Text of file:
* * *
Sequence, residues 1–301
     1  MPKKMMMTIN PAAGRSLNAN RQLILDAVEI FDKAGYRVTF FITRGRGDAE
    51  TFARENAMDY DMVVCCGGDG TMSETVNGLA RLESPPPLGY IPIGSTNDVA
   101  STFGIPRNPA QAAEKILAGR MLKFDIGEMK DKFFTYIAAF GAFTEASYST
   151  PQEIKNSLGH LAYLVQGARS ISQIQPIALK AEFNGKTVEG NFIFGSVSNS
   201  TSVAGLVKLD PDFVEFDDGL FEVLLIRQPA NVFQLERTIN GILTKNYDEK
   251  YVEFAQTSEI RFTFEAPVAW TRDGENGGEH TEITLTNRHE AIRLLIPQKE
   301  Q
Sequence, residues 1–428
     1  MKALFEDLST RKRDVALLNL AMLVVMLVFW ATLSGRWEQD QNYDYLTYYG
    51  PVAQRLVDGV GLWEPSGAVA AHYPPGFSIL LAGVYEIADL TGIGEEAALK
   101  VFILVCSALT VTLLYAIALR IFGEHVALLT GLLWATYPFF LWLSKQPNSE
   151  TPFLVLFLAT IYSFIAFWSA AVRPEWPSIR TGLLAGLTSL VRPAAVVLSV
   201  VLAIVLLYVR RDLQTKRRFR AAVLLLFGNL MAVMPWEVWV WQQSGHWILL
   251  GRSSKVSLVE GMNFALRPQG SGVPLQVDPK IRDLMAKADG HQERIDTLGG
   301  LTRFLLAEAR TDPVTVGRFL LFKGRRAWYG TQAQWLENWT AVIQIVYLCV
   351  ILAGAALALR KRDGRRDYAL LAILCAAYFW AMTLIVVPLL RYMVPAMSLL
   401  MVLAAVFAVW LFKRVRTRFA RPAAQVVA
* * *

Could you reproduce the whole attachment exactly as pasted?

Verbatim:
Sequence, residues 1–301
     1  MPKKMMMTIN PAAGRSLNAN RQLILDAVEI FDKAGYRVTF FITRGRGDAE
    51  TFARENAMDY DMVVCCGGDG TMSETVNGLA RLESPPPLGY IPIGSTNDVA
   101  STFGIPRNPA QAAEKILAGR MLKFDIGEMK DKFFTYIAAF GAFTEASYST
   151  PQEIKNSLGH LAYLVQGARS ISQIQPIALK AEFNGKTVEG NFIFGSVSNS
   201  TSVAGLVKLD PDFVEFDDGL FEVLLIRQPA NVFQLERTIN GILTKNYDEK
   251  YVEFAQTSEI RFTFEAPVAW TRDGENGGEH TEITLTNRHE AIRLLIPQKE
   301  Q
Sequence, residues 1–428
     1  MKALFEDLST RKRDVALLNL AMLVVMLVFW ATLSGRWEQD QNYDYLTYYG
    51  PVAQRLVDGV GLWEPSGAVA AHYPPGFSIL LAGVYEIADL TGIGEEAALK
   101  VFILVCSALT VTLLYAIALR IFGEHVALLT GLLWATYPFF LWLSKQPNSE
   151  TPFLVLFLAT IYSFIAFWSA AVRPEWPSIR TGLLAGLTSL VRPAAVVLSV
   201  VLAIVLLYVR RDLQTKRRFR AAVLLLFGNL MAVMPWEVWV WQQSGHWILL
   251  GRSSKVSLVE GMNFALRPQG SGVPLQVDPK IRDLMAKADG HQERIDTLGG
   301  LTRFLLAEAR TDPVTVGRFL LFKGRRAWYG TQAQWLENWT AVIQIVYLCV
   351  ILAGAALALR KRDGRRDYAL LAILCAAYFW AMTLIVVPLL RYMVPAMSLL
   401  MVLAAVFAVW LFKRVRTRFA RPAAQVVA